That's e's balanced nicely by Mads Mikklesen's performance. Mikklesen brings out the character's hubris, as well as his innate nobility, he also catches on to the fact that, as with The King's Game, the film hinges on a well-intentioned protagonist not understanding how the political game is played. So too with Alicia Vikander, as Caroline. Hers is the responsibility for not letting the love story get too mawkish, not even when she is voicing the last letter to her children which frames it. Although the best comparison I could make might be with Isabelle Adjani, its a cooler, more Anglicised version. She's particularly good at bringing a English sense of female improvement to the story, as if this were a 19th century English novel...and Harriet Walter is excellent in a cameo early on as her mother, Queen Augusta, explaining the real-politick of royal marriage to her. There is an excellent ensemble cast, particularly David Dencik as the chief reactionary and villain, Guldberg, a pious hypocrite of a type we're exceedingly familiar with these days. But the supporting figures are particularly well-drawn, especially in the ways they react to the reforms Streunsee brings—they are nominally all in favour of the Enlightenment, but they find themselves wavering as it begins to effect their privileged lives.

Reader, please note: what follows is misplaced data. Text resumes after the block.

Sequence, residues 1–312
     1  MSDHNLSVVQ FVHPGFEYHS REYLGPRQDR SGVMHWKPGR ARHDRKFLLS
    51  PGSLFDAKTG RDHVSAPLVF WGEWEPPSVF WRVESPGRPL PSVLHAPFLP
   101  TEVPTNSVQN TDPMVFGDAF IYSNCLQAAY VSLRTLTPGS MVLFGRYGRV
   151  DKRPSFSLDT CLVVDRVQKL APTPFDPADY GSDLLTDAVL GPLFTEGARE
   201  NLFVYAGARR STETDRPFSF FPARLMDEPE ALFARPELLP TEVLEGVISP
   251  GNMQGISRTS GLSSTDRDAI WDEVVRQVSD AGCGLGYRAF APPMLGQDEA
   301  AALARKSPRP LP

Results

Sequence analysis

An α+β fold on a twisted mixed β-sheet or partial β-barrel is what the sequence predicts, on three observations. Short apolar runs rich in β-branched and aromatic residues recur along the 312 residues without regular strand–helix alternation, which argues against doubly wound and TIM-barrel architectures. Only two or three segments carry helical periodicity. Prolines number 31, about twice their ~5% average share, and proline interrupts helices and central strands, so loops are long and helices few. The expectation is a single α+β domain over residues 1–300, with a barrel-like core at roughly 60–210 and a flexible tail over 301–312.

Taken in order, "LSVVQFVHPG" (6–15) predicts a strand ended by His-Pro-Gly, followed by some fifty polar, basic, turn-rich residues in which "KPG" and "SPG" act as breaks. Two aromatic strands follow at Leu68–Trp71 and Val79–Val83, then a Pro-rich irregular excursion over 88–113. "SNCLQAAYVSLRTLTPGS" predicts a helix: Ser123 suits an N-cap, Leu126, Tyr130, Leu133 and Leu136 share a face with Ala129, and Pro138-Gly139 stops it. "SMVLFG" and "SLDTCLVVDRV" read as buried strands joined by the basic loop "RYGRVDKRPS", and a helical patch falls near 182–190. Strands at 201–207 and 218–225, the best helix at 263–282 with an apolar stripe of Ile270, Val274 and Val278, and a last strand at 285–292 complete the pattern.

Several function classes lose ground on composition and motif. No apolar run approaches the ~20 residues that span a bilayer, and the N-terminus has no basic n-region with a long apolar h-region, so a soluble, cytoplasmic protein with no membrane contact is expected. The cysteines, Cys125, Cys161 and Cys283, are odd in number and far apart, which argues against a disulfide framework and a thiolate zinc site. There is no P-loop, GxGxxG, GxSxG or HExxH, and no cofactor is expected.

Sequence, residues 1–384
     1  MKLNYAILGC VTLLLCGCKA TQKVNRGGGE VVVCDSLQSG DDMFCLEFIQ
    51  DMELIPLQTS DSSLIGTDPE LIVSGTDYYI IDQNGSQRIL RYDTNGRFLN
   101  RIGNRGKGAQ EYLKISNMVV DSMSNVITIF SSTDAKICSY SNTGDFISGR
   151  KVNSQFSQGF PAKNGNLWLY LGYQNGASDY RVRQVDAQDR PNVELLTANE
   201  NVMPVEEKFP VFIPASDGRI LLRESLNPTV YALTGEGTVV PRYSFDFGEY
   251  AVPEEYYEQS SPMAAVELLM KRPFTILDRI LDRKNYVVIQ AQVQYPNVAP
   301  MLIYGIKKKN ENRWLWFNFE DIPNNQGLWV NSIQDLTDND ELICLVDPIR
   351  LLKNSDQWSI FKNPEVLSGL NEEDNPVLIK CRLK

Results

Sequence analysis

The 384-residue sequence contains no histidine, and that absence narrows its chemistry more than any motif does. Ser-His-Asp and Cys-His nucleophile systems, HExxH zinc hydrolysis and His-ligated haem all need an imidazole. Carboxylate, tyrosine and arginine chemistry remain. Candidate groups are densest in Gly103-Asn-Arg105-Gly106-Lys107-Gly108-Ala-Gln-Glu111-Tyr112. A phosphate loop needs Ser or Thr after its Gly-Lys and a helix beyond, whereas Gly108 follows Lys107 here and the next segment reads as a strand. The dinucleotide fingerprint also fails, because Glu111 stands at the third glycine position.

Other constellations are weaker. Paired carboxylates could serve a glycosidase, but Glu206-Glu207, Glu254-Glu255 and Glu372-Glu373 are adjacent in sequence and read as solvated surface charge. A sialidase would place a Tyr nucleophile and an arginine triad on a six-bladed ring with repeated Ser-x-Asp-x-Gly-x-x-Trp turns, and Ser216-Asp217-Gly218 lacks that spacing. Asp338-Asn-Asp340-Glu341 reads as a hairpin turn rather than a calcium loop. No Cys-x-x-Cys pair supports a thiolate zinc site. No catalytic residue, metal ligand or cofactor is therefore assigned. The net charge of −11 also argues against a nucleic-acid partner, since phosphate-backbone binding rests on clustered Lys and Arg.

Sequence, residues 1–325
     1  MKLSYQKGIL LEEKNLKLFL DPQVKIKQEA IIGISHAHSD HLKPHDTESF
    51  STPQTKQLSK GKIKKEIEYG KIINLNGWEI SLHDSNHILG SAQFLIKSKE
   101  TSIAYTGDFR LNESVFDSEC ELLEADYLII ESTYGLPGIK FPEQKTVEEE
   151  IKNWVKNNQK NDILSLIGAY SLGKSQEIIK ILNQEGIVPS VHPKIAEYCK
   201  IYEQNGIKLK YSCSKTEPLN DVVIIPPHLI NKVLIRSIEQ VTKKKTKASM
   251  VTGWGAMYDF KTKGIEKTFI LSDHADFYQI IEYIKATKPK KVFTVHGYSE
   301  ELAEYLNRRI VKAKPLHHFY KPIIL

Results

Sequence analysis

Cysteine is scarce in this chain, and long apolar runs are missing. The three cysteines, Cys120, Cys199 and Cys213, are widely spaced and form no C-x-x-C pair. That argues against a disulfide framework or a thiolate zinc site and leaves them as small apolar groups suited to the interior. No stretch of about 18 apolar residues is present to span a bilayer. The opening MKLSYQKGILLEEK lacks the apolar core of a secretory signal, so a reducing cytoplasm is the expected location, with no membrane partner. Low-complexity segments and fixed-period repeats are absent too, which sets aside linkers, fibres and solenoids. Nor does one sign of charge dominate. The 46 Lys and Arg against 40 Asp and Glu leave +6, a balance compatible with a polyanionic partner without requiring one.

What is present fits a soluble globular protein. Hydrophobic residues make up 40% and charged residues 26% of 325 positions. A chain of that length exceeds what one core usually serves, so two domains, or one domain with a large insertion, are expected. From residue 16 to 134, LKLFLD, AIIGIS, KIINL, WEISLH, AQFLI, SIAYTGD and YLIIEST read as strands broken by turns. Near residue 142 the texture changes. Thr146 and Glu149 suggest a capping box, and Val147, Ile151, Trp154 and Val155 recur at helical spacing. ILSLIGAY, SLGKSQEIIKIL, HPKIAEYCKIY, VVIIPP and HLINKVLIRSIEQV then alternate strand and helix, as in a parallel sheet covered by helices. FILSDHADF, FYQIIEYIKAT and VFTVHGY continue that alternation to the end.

I knew this story through Per-Olov Enquist's wonderful novel, The Visit Of The Royal Physician, in which the issues of the Enlightenment are foregrounded. Apparently, the filmmakers wanted to use his book, but its rights have been tied up in another project which has never got off the ground. So they nominally used a Danish novel, Princess Of The Blood, billed in some quarters as an 'erotic' novel, which, like the film, takes Caroline's point of view. Interestingly, they liased with Enquist, and hired lawyers to review their script to determine just what was history, and in the public domain, and what was Enquist's invention. Although they might have satisfied the intellectual property guys, the finished film still has a lot of the feel of the Enquist novel, which is no bad thing.

But given that this is a central moment in Danish history, the story might seem to tell itself. That is where Arcel and Heisterberg have been so effective –because if the Enlightenment were to set people free, as it were, to make mistakes. Their script is up to date, and it's also classic; echoes of Hamlet as well as Jane Austen perhaps. The English flatter themselves to think only they can do costume drama—this remarkably thoughtful and entertaining film proves them so wrong. Oh, and apparently Lars von Trier did look at the script, and help with some of the editing. So you can't get far from Dogma after all.

A Royal Affair opens tomorrow (15 June) in London.